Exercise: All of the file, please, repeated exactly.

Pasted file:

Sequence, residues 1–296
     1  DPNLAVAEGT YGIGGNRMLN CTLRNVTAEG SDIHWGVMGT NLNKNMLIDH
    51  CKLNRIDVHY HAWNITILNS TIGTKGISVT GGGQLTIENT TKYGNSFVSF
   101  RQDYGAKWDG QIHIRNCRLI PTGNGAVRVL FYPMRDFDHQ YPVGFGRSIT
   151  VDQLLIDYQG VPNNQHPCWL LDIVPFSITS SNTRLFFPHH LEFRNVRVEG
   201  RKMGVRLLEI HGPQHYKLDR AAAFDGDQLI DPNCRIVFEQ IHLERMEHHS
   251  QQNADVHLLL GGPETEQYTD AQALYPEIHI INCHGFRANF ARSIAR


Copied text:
Sequence, residues 1–296
     1  DPNLAVAEGT YGIGGNRMLN CTLRNVTAEG SDIHWGVMGT NLNKNMLIDH
    51  CKLNRIDVHY HAWNITILNS TIGTKGISVT GGGQLTIENT TKYGNSFVSF
   101  RQDYGAKWDG QIHIRNCRLI PTGNGAVRVL FYPMRDFDHQ YPVGFGRSIT
   151  VDQLLIDYQG VPNNQHPCWL LDIVPFSITS SNTRLFFPHH LEFRNVRVEG
   201  RKMGVRLLEI HGPQHYKLDR AAAFDGDQLI DPNCRIVFEQ IHLERMEHHS
   251  QQNADVHLLL GGPETEQYTD AQALYPEIHI INCHGFRANF ARSIAR